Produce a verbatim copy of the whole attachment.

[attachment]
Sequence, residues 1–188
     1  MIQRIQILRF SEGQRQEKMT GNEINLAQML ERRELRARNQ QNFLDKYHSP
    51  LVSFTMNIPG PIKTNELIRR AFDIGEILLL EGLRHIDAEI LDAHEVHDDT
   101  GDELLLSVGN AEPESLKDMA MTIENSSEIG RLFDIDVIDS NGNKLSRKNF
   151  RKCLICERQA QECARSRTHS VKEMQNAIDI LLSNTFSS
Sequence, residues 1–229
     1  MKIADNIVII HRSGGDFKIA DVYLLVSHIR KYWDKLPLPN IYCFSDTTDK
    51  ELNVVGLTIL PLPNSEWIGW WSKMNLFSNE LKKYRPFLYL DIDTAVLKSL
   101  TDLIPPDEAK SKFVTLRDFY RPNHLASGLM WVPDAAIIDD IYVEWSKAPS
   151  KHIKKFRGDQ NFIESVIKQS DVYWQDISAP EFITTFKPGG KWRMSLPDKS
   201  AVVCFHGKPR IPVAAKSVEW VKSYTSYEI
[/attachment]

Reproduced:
Sequence, residues 1–188
     1  MIQRIQILRF SEGQRQEKMT GNEINLAQML ERRELRARNQ QNFLDKYHSP
    51  LVSFTMNIPG PIKTNELIRR AFDIGEILLL EGLRHIDAEI LDAHEVHDDT
   101  GDELLLSVGN AEPESLKDMA MTIENSSEIG RLFDIDVIDS NGNKLSRKNF
   151  RKCLICERQA QECARSRTHS VKEMQNAIDI LLSNTFSS
Sequence, residues 1–229
     1  MKIADNIVII HRSGGDFKIA DVYLLVSHIR KYWDKLPLPN IYCFSDTTDK
    51  ELNVVGLTIL PLPNSEWIGW WSKMNLFSNE LKKYRPFLYL DIDTAVLKSL
   101  TDLIPPDEAK SKFVTLRDFY RPNHLASGLM WVPDAAIIDD IYVEWSKAPS
   151  KHIKKFRGDQ NFIESVIKQS DVYWQDISAP EFITTFKPGG KWRMSLPDKS
   201  AVVCFHGKPR IPVAAKSVEW VKSYTSYEI